EJI Director to Testify Before Congress on Sentencing Young Children to Die in Prison


On Thursday, September 11, 2008, EJI Director Bryan Stevenson will testify before the United States House of Representatives Subcommittee on Crime, Terrorism, and Homeland Security during hearings on H.R. 4300, the Juvenile Justice Accountability and Improvement Act.

Introduced in December 2007 and sponsored by Rep. Robert Scott (D-VA-3) and Rep. John Conyers (D-MI-14), the bill would require states to grant child offenders who are serving a life sentence a meaningful opportunity for parole.

The United States is the only country in the world that has children sentenced to die in prison. Mr. Stevenson will testify that sentencing young children to death in prison is unconstitutional and violates international law. EJI has found that, nationwide, 73 people are serving sentences to life imprisonment without possibility of parole for offenses committed when they were 13 or 14 years old. Some of these children were charged with crimes that do not involve homicide or even injury; many were convicted for offenses where older teenagers or adults were involved and primarily responsible for the crime; and nearly two-thirds are children of color.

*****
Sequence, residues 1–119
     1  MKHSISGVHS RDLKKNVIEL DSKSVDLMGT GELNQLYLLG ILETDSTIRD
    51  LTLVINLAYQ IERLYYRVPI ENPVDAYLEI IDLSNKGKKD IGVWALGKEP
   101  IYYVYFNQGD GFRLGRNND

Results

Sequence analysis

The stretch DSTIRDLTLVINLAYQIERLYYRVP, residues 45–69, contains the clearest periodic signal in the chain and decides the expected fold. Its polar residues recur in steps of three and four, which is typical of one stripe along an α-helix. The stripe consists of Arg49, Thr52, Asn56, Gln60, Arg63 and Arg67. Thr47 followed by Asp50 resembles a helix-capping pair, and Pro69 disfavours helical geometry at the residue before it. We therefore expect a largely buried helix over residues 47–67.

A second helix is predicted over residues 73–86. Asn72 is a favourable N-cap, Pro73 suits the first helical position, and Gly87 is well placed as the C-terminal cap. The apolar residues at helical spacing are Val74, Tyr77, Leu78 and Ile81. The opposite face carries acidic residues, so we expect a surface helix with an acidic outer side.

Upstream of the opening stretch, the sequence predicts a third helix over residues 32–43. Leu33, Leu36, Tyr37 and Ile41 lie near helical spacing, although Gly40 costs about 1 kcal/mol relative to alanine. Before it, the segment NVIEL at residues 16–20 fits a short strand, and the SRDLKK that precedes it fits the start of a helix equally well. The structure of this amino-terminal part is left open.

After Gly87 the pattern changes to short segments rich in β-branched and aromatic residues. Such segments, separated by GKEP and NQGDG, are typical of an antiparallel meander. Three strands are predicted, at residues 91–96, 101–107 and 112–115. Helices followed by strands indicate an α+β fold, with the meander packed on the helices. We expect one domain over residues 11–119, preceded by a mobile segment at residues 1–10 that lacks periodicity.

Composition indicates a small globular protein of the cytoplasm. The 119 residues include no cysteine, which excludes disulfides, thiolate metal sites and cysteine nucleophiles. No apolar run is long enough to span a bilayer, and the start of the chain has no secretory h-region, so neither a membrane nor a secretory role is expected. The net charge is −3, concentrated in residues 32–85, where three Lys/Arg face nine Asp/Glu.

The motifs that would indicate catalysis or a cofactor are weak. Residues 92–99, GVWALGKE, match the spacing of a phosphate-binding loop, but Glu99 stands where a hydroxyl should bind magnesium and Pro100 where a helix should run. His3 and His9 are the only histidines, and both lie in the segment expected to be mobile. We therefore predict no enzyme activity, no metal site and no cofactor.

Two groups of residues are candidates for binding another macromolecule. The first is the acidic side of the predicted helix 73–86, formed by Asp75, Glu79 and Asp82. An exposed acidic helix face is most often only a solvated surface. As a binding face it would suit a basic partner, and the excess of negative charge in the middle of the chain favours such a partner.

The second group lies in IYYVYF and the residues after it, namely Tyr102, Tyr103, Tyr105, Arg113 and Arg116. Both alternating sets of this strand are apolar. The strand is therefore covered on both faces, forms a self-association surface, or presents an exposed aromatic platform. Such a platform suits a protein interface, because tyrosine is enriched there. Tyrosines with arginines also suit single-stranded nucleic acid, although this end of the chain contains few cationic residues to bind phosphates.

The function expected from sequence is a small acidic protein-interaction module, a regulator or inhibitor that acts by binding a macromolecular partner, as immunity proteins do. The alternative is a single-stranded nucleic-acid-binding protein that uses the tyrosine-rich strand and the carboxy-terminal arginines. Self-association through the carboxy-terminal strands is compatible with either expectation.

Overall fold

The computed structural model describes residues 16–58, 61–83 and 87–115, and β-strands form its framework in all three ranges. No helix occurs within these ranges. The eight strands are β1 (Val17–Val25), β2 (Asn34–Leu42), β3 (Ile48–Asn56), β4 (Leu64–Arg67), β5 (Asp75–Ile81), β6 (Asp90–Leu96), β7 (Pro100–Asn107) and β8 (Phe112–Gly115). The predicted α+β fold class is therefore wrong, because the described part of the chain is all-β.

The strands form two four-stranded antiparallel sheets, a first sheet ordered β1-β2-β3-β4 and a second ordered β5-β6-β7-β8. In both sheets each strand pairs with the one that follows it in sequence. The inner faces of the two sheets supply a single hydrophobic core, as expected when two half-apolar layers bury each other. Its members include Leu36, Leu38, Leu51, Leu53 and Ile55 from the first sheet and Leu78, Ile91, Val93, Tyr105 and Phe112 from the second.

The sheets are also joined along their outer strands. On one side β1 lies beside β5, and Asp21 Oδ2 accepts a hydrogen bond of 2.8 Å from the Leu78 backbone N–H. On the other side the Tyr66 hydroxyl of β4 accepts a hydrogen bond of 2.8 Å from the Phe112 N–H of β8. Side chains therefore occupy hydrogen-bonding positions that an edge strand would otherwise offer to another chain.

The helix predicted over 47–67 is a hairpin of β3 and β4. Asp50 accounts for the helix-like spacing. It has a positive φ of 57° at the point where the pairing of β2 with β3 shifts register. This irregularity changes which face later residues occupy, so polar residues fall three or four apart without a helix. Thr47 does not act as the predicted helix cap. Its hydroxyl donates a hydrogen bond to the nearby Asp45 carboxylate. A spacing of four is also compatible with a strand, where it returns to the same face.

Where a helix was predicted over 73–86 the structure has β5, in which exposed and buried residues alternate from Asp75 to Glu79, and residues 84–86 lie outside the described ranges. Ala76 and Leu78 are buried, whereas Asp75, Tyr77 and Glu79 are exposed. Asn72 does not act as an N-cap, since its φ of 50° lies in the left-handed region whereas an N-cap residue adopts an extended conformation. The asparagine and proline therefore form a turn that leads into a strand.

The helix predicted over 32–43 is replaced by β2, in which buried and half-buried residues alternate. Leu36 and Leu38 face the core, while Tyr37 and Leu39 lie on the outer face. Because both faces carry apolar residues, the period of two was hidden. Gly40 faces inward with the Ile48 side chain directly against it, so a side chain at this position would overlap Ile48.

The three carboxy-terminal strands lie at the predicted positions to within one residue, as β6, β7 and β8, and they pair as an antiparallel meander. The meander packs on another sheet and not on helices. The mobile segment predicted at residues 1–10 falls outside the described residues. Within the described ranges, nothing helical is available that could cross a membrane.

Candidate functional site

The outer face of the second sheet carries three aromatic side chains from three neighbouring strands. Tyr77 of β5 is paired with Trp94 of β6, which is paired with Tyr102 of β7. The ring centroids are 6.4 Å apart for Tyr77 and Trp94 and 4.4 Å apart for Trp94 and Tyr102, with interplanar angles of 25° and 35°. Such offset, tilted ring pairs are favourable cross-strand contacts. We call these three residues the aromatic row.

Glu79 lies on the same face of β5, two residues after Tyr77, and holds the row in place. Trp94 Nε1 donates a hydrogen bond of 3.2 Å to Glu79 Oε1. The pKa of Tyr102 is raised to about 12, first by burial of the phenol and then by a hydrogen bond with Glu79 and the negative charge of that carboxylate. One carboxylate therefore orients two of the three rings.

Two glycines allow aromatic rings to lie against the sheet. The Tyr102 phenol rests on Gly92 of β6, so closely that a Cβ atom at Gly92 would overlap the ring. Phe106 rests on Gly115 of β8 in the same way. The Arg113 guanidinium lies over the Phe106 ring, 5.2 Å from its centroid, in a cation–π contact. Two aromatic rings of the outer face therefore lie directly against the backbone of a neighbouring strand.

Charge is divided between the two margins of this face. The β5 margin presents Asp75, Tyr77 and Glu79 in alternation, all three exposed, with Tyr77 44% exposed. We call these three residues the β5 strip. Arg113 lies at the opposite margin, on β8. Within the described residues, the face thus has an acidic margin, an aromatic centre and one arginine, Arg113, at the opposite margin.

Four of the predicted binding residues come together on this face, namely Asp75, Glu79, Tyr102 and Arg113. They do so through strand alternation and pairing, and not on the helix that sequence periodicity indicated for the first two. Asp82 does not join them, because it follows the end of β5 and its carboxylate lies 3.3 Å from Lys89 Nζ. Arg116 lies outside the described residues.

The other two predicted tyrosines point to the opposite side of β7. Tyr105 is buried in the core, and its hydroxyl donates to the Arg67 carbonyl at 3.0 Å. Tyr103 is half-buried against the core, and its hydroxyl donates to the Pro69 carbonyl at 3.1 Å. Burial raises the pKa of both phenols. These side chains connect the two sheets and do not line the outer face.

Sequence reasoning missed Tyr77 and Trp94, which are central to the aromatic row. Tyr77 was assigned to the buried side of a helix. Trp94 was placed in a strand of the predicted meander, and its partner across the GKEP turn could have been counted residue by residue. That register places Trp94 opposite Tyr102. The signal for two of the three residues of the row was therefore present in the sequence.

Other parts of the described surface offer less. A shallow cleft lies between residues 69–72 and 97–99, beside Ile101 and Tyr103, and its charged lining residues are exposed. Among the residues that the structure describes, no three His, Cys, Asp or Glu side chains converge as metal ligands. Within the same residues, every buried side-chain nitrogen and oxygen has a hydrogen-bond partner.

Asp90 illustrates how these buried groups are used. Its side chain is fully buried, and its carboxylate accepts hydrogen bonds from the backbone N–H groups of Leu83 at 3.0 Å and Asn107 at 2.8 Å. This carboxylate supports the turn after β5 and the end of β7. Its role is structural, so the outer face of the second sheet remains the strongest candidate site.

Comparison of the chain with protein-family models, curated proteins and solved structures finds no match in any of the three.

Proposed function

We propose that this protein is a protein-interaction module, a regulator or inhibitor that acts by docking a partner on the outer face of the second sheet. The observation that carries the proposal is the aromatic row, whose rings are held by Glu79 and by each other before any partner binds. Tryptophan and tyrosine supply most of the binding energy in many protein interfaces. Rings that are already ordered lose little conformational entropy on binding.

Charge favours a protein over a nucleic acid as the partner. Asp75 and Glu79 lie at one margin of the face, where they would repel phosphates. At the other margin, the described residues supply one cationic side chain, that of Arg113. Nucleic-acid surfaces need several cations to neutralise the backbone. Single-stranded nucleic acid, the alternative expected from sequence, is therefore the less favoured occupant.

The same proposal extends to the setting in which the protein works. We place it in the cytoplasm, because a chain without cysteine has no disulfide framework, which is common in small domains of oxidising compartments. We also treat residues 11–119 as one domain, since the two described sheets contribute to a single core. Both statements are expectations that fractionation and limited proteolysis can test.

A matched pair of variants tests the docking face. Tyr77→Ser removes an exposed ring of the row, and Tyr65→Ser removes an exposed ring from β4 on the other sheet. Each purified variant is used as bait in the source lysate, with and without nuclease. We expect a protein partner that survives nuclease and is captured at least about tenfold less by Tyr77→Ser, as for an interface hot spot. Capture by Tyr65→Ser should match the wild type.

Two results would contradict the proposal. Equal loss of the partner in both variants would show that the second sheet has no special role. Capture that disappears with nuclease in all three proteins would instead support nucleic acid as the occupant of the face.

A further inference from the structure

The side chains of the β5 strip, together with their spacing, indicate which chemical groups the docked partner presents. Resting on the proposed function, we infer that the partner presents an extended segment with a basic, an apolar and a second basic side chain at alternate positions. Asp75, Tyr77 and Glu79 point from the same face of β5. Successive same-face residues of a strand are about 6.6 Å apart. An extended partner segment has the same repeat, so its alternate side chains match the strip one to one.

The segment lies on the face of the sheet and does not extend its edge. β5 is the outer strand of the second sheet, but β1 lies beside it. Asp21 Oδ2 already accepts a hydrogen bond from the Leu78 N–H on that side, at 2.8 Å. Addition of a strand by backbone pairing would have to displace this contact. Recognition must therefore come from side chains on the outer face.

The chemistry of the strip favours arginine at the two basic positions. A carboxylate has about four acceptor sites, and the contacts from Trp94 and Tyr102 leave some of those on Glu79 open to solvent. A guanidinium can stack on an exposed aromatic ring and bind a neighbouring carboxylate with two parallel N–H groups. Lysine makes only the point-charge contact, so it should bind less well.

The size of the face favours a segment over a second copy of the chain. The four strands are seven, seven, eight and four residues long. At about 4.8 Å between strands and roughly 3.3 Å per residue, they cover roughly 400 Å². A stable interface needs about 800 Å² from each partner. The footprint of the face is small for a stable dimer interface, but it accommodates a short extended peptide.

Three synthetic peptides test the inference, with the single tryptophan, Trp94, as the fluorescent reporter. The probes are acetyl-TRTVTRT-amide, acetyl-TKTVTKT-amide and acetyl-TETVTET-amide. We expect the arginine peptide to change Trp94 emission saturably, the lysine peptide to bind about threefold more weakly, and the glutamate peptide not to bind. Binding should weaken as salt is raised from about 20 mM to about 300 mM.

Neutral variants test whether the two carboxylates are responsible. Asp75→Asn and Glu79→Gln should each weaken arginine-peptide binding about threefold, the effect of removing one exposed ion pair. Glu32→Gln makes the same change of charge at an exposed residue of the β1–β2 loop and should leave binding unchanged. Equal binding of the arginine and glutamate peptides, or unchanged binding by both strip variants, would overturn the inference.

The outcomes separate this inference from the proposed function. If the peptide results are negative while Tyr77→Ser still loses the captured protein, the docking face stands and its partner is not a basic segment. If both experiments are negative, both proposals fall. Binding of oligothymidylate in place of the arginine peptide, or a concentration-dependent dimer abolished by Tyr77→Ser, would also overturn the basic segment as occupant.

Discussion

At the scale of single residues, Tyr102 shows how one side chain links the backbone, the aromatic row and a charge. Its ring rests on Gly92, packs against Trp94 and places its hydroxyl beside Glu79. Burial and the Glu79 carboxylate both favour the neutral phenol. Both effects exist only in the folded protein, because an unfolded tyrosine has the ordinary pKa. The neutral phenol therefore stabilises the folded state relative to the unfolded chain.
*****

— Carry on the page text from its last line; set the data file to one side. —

Most of these children were sentenced to die in prison under mandatory sentencing schemes that did not allow the sentencing judge to consider the child’s age or background. Most share tragic histories of severe abuse and neglect. The subcommittee will learn from Mr. Stevenson about recent legal developments, international law, and medical insights about child development that provide powerful support for ending life without parole sentences for young children and demonstrate why the Juvenile Justice Accountability and Improvement Act is critically needed to address this issue.